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Bulk up classic BLT

Published: Wednesday, July 9, 2014 5:30 a.m. CDT
Caption
(AP)
Tilapia BLT pita pockets

In terms of flavor and texture, it’s hard to beat a bacon, lettuce and tomato sandwich, reportedly one of the most popular sandwiches in America. Trouble is, it’s not exactly filling.

I’ve always thought of the BLT as an air sandwich; it packs plenty of calories but demonstrates very little staying power.

So here I’ve rejiggered the traditional recipe in ways that simultaneously slim it down and bulk it up.

The best news, to start, is that a little bacon goes a long way. I’ve used the real stuff – no turkey bacon, please – but less than usual, just a slice per sandwich.

Meanwhile, I’ve amped up the protein with a small piece of crispy breaded tilapia. A sustainable fish choice, tilapia has a mild flavor with a firm texture, which keeps it from falling apart in the sandwich. But any firm-fleshed fish will do.

The tilapia is coated in flour that’s been seasoned with smoked paprika, which nicely echoes the bacon’s smokiness. The crunchiness comes in when the fish is dipped in egg whites and coated in panko breadcrumbs (everyone’s favorite breadcrumb these days). The fish then is sautéed in a skillet and finished in the oven, a process requiring less oil than if it was cooked from start to finish on top of the stove.

I’ve flavored the mayo with lemon and fresh basil. Basil and tomato go together like love and marriage. And speaking of tomatoes, now is the time to splurge on the beefsteak heirloom tomatoes that may well be gracing your local farmers market. A properly grown, fully ripe tomato in season is one of the pleasures that make life worth living.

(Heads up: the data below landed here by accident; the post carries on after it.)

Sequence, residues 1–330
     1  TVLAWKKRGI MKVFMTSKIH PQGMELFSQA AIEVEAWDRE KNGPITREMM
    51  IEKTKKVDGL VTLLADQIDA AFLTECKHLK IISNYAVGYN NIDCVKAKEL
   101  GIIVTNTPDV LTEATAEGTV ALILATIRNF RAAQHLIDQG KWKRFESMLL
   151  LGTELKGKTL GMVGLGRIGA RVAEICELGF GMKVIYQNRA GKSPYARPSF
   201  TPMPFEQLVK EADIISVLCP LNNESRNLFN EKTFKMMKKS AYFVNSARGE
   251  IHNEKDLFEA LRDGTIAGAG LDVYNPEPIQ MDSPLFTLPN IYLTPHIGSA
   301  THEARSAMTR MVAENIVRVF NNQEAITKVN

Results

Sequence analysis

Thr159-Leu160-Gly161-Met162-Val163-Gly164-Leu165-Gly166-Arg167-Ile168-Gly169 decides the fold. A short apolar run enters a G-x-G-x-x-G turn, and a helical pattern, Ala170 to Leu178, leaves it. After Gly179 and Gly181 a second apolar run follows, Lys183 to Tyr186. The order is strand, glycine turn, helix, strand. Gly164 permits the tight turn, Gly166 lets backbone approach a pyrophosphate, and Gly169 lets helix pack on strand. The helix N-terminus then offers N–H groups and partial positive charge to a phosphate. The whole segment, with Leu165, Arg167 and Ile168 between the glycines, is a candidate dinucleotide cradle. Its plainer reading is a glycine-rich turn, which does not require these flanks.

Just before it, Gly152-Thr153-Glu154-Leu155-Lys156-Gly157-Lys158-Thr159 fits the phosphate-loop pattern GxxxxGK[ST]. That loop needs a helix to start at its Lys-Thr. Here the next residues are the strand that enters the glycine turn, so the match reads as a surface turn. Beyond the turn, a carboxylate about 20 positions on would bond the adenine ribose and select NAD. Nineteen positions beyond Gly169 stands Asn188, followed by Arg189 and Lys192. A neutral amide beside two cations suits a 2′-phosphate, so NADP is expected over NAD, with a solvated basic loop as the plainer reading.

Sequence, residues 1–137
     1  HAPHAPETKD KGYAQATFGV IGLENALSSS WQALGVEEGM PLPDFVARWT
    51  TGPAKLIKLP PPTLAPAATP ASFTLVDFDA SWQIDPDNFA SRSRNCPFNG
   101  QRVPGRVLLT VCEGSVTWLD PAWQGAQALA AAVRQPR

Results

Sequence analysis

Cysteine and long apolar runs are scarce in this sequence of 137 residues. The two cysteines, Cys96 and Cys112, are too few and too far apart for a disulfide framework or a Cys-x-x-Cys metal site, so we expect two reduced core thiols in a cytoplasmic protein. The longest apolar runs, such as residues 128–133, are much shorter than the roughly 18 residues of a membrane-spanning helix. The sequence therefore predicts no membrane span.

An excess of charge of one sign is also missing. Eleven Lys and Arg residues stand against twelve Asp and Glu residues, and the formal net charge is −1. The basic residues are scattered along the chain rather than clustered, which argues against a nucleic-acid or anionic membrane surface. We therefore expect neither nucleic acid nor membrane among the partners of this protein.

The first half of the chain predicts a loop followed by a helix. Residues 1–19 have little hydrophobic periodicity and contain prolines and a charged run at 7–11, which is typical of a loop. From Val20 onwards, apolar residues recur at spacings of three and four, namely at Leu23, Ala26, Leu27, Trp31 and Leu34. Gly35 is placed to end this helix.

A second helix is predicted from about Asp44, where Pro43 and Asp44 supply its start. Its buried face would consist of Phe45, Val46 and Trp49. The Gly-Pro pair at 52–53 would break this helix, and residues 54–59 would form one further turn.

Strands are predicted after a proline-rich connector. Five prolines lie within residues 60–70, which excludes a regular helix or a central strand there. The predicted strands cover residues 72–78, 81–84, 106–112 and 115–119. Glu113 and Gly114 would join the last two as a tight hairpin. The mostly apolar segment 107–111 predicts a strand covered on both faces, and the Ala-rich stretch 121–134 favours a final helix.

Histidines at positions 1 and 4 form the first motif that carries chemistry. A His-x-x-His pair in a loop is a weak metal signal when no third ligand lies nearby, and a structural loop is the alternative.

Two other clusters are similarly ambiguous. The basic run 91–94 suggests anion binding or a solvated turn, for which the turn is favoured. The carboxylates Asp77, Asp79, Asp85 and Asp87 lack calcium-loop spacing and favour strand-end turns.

The standard lettuce of choice for a BLT is romaine, which I like for its crunch. But you certainly could swap it out for spinach or arugula. Finally, I’ve sliced the pita pockets horizontally to form two thin rounds. This little trick helps to cut back the usual amount of bread in a BLT. You end up eating one 6-inch pita instead of two slices of bread.

‘Fried’ Fish BLT Pitas

Start to finish: 35 minutes

Servings: 4

4 slices bacon

1/2 cup packed fresh basil leaves, finely chopped

1/2 cup light mayonnaise

4 teaspoons lemon juice

4 small tilapia fillets (about 2 1/2 ounces each)

Salt and ground black pepper

2 tablespoons all-purpose flour

1 1/2 teaspoons smoked paprika

3/4 cup panko breadcrumbs

2 large egg whites

2 1/2 tablespoons extra-virgin olive oil, divided

Four small whole-wheat pita pockets, halved to form 8 rounds

1 beefsteak tomato, sliced 1/3 inch thick

2 large romaine lettuce leaves, halved crosswise

Heat the oven to 350 degrees F. Line a baking sheet with kitchen parchment.

In a medium skillet over medium, cook the bacon until crisp, then transfer to paper towels to drain.

In a small bowl stir together the basil, mayonnaise and lemon juice. Set aside.

Season the fish with salt and pepper. On a sheet of kitchen parchment, combine the flour with the paprika. On a second sheet of parchment, spread the panko. In a shallow dish, lightly beat the egg whites. Coat the fish first in the flour mixture, then dip it in the egg whites, letting the excess drip off, then dredge in the panko, making sure the fish is well coated.

In a large nonstick skillet over medium-high, heat 1 1/2 tablespoons of the oil. Add the fish and cook until lightly browned on the bottom, about 2 minutes. Turn the fish, add the remaining oil and cook until golden on the second side, about another 2 minutes.

Transfer the fillets to one end of the prepared baking sheet. Wrap the pita rounds in foil and place them at the other end of the baking sheet. Bake for 4 to 5 minutes, or until the fish is just cooked through.

To serve, spread a some of the basil mayonnaise on the cut sides of the pita rounds. Top 4 of the rounds with a piece of bacon, broken in half, a piece of fish, followed by some sliced tomatoes, a piece of lettuce and the second pita round, mayonnaise side down.

Nutrition information per serving: 550 calories; 280 calories from fat (51 percent of total calories); 31 g fat (7 g saturated; 0 g trans fats); 60 mg cholesterol; 42 g carbohydrate; 4 g fiber; 4 g sugar; 4 g protein; 890 mg sodium.

• Sara Moulton was executive chef at Gourmet magazine for nearly 25 years, and spent a decade hosting several Food Network shows. She currently stars in public television’s “Sara’s Weeknight Meals” and has written three cookbooks, including “Sara Moulton’s Everyday Family Dinners.”

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